AT THE BEGINNING of August, I began a job as an enumerator for the United States Census, going door to door with my government-issued iPhone in an effort to sign people up who have not previously been counted.
Given the divisions in the country, the census feels more important than ever this year. Yet, as this August 3 story from NPR relates, the closing date has been moved up one month, from the end of October to the end of September.
There are only a few weeks left to get everyone counted!
Why should you care?
Many people may not know or remember that the census is mandated by the United States Constitution. As a result of Article 1, Section 2, the United States has counted its population every 10 years since 1790!
There are two main reasons for this. According to the U. S. Census website, “Census results help determine how billions of dollars in federal funding flow into states and communities each year.”
The results also determine the number of seats in Congress each state gets.
So I, and thousands of others like me, push on, knocking on closed doors in communities we do not know, masks on, to see if anyone is home and able and willing to take a few minutes to answer our questions.
The results are confidential, and the questions basic. How many people live there? Names and birth dates. Housing information and ethnicity. If no one answers, we leave a form with information about ways the residents can respond by phone or online.
Everyone living in the United States and its five territories is required by law to be counted in the 2020 Census.
A friend of mine recently asked what I have learned so far from working with the census.
It’s complicated and evolving. But here are some observations as I begin my sixth week:
I have developed a deep appreciation for the magnitude of this effort. Especially during a pandemic, it is mind-boggling. It is bureaucratic at times and there are glitches — I, and at least some other enumerators, tragically are home today for a third day due to a computer malfunction — but it is an enormous, sprawling undertaking.
It is so important, yet it depends on computers, a national database that has not been updated for a decade, and minimally trained part-timers like me.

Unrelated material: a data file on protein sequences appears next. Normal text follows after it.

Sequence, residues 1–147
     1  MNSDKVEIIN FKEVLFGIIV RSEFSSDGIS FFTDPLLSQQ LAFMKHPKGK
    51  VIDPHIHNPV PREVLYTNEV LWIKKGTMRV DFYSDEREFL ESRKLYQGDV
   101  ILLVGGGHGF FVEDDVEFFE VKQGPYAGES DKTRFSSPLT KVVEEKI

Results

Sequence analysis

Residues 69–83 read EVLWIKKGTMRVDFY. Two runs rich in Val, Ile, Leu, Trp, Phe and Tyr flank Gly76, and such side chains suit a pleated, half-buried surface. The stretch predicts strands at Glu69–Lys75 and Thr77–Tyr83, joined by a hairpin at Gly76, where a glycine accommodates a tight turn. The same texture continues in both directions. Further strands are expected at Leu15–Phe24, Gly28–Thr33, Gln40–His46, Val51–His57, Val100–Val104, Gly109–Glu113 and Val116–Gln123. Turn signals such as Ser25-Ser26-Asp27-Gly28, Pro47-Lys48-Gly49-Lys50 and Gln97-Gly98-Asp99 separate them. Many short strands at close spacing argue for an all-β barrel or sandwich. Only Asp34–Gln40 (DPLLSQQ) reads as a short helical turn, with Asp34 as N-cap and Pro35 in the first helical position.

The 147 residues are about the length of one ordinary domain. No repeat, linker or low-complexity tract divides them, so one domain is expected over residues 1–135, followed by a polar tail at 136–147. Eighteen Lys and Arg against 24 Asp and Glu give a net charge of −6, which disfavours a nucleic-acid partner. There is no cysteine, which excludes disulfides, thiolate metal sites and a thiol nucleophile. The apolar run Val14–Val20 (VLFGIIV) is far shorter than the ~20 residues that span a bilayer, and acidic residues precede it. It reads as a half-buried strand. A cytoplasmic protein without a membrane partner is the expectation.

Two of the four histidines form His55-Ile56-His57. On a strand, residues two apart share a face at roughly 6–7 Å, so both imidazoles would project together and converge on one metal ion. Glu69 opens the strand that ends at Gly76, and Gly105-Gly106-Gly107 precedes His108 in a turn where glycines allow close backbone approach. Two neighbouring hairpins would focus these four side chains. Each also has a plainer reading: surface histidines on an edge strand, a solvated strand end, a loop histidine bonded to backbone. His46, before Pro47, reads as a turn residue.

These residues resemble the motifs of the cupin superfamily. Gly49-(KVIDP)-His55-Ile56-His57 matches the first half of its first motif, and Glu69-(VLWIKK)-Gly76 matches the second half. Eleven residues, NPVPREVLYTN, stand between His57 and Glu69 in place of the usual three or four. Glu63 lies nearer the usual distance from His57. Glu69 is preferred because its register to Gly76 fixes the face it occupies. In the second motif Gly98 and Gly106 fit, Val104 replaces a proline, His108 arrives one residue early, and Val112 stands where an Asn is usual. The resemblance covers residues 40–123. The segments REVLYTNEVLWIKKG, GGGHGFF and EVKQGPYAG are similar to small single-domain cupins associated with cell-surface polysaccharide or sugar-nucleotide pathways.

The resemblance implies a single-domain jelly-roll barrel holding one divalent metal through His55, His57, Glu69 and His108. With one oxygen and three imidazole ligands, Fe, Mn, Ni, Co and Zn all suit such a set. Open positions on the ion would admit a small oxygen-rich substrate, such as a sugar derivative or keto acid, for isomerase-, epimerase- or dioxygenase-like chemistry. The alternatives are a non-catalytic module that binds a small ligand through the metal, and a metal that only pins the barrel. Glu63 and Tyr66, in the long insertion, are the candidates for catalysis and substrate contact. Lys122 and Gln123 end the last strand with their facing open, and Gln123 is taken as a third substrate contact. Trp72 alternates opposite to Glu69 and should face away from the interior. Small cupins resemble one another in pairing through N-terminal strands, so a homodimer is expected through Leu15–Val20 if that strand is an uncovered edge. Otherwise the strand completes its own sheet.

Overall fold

Of course, most Americans were given the opportunity to respond by mail last spring, and many did. Yet according to the August 24 Sunday New York Times, 38 million people still had not been counted.
Given the scramble to complete results earlier than originally scheduled, it feels more important than ever to get it right. But the end result inevitably will fall short and be imperfect. There will be plenty of grist for the critics.
Except for voting, the idea of our participatory democracy is often abstract. But answering the census is a way for people to feel as if they count for something (literally!). When I sign a person or family up, the experience is almost intimate for them and me as we do our parts to make this shared enterprise work.
I wasn’t expecting this, but it is the best part of the job. On a good day, I sign up 20-30 people in a shift.
I’ve lived a pretty sheltered life, and the census work has pushed me outside my comfort zone to see in person how the other half lives. Many of the places I visit are in poorer sections of towns, with people sometimes living in shabby conditions.
I think of myself as someone who appreciates my privilege and is empathetic. But there is great value in coming face to face with people who are my neighbors who are struggling. In most instances, I am welcomed. It is both warm to see people’s spirit, and humbling.
This will probably come as no surprise, and it is a generalization. But it is the immigrants and minorities who have a deeper knowledge of our democracy and the importance of the census than many of the white natives, some of whom are suspicious and resentful (as if the government couldn’t get this information about them, and much more, in other ways!).
This begs the question: why haven’t they responded before? Why has anyone not responded?
It could be a language issue. The initial mailing may have been overlooked or lost. People move, and sometimes the mail does not catch up with them.
The politicizing and distrust some people feel about our government spills over into the census in some instances. And of course, this year the pandemic has disrupted everyone’s lives (the deployment of people like me was delayed by several months as a result).
Having said that, many people thank me when we are done. There is strong support and understanding among the majority of the people I meet.
Yet some people simply don’t appreciate the importance of the census, which is why I am posting this.
If you haven’t already completed your census survey, please do!
If you find a blue “Notice of Visit” form sandwiched between your doors, please take the time to read it and call or go online to complete it.
And if a stranger like me comes knocking on your door (showing you our ID badge and U. S. Census shoulder bag), please give us a few minutes, for your sake as much as mine.
We are here because everyone counts.
4 Replies to “Notes from a Census-Taker”
How well said!
I am also doing the census here in Provincetown and have had only one ugly encounter. Every you say is right on.
I am going to forward this to my supervisor.
Thank you R
So glad to hear it, Roger! Keep up the good work.
Thanks for your time in collecting data and writing this article. Your action makes a positive difference.
Thank you, Julie! Proud to be a part of this tradition.